Such prejudice can, of course, easily be put down to jealousy, and Ulrika is well used to deflecting criticism of the way she has used her looks. "I think in this country you would be hard-pressed to separate the words blonde and dumb with a crowbar," she said recently. "Because I'm noisy in company and smile a lot I also get called bubbly, which is equally perjorative."
As a TV performer, however, she is becoming increasingly valued. Geoff Posner, the director who worked with her on Eurovision, was impressed above all by her professionalism while under fire. "She was very cool," he said. "And that was a complicated bit of live TV. At any time she had to remember who she had just spoken to, who she was about to speak to, what the scores were and also to cope with the possibility that anything could go wrong out there. You are very exposed on a programme like that."
Kenton Allen, who also recently worked with Ulrika on a pilot for a Granada travel show, is equally fulsome in his praise. "No way is she just an autocutie," he said. "TV is a visual medium and of course people who look good get on. But Ulrika has great application and knows exactly what she is supposed to be doing."
Ulrika herself claims never to have wanted fame and yet she appears to have accepted the media's fascination with her love life in good part. In the last year or so her name has been spuriously linked to that of Vic Reeves, Chris Evans and, more surprisingly, Richard Branson. Quizzed by journalists in each case she has laughed the insinuations off. They are all based on circumstantial evidence, she claims. "Just because Vic Reeves and I turned up to a football match together and we were both wearing leather trousers, that was it. Everyone then assumed that we were having sexual relations," she complained.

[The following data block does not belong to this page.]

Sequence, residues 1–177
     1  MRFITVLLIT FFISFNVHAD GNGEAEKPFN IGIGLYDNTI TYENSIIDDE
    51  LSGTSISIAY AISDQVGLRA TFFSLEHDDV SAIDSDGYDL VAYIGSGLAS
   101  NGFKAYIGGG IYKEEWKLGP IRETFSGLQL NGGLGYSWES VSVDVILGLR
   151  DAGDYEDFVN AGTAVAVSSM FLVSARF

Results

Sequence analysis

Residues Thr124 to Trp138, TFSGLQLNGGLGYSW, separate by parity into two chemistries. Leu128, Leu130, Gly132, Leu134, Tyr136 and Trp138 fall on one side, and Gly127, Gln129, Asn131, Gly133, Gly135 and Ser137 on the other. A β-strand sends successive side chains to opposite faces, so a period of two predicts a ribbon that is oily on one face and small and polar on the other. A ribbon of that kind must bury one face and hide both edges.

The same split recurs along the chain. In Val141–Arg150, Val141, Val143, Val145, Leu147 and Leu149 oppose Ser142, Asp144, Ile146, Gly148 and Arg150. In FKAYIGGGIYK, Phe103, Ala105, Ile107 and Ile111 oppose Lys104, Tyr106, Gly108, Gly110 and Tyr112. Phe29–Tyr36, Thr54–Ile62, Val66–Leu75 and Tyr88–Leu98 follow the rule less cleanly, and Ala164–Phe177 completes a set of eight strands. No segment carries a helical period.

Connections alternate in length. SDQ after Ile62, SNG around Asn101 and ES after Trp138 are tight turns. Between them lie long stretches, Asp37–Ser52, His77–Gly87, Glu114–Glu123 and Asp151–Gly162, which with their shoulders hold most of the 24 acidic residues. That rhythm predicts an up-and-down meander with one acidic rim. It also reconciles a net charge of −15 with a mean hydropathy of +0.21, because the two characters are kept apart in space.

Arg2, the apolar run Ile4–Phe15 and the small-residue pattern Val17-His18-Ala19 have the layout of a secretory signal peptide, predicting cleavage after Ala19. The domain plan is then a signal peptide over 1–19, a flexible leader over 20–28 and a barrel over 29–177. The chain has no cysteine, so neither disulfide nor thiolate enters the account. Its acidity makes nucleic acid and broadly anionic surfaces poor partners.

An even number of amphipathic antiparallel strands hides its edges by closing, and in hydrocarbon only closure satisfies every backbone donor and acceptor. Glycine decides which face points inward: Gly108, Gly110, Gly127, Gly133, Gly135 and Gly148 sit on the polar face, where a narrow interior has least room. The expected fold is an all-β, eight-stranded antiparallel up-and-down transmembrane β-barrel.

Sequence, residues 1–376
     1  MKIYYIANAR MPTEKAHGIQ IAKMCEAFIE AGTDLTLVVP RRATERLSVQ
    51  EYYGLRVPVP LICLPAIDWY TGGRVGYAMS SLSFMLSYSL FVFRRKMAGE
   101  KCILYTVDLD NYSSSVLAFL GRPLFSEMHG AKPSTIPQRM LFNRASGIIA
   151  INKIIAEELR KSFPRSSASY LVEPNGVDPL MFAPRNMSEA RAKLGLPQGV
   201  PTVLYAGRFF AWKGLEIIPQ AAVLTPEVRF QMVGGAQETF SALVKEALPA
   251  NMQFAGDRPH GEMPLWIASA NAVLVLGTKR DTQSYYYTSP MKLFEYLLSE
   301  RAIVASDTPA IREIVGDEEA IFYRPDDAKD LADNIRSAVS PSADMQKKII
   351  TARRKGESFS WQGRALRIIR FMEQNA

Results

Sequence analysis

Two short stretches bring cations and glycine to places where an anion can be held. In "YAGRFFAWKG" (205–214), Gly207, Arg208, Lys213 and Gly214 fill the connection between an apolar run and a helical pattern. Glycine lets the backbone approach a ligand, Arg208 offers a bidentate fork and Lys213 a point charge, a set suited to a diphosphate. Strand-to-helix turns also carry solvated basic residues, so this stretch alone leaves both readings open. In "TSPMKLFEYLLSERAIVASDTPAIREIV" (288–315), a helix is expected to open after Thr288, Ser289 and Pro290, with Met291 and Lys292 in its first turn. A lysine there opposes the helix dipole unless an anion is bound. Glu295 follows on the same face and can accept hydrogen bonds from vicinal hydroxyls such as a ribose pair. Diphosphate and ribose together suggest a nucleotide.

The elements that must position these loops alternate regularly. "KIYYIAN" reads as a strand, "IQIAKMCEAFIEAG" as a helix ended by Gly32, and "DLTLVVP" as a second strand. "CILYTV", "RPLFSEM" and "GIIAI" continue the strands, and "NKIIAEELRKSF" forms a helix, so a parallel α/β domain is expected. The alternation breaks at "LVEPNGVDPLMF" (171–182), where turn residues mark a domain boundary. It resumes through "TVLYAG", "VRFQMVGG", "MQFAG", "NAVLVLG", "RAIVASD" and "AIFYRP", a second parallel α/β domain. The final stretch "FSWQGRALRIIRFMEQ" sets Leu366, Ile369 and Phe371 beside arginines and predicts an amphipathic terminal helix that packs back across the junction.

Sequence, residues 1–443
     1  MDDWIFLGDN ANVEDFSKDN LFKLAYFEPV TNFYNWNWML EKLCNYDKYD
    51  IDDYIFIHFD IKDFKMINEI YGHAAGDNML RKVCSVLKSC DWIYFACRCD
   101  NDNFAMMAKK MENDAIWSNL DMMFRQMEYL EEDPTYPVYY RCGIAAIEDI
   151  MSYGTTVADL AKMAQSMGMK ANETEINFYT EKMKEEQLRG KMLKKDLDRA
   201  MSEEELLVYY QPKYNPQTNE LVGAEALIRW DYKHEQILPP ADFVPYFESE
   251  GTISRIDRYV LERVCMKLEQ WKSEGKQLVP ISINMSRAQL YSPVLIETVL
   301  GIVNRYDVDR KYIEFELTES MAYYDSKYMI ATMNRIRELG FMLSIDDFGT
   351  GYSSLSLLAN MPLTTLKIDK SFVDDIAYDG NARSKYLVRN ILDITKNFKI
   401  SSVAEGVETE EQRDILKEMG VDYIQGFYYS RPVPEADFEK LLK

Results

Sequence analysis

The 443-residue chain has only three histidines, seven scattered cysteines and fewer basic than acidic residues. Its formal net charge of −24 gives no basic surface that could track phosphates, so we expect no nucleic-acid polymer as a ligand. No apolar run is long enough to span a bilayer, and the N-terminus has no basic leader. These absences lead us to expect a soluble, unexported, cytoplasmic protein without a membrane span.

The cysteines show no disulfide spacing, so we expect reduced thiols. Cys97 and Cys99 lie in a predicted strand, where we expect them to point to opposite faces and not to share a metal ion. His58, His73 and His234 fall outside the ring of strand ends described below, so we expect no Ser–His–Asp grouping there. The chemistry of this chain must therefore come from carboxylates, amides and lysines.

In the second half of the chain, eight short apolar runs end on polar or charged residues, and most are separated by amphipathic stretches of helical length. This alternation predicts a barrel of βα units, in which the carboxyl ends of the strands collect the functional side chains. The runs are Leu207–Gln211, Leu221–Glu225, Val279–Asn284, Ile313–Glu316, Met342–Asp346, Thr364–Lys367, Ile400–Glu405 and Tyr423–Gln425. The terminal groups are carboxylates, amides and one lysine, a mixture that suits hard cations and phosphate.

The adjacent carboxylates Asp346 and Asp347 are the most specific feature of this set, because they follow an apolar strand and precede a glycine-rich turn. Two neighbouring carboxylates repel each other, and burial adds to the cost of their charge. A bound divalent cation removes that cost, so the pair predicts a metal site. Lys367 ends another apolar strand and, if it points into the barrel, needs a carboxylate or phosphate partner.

The truth about her love life is that she has been married once, to the cameraman John Turnbull, who is the father of her son, Cameron. Since then she has divorced, and enjoyed much publicised affairs with another cameraman, and with the Gladiator known as Hunter. Then came Stan Collymore and that, she assured a concerned public earlier last week, was now over for good.
Last year Ulrika coyly insisted that she had had only three partners in 11 years and that she is really a home body who will always shun life in the big city. There she goes again, you may think, wanting it both ways. To retain her appeal she knows she must cling on to her wholesome image, and yet this is the woman who wantonly told readers of the magazine Loaded that she was knickerless at the time of the interview and who is always more than happy to talk about her size 32D breasts and the little red devil tattooed on her buttock (she is a Manchester United fan).
Perhaps Ulrika can have it both ways. She is the girl who was used, after all, to illustrate the new consumer category of "middle youth "- the marketing target group which is confidently mature and yet extremely reluctant to leave behind the trappings of youth culture. While this may not qualify her to be particularly funny, this does not matter as long as she remains the girl most British men would want to laugh at their jokes.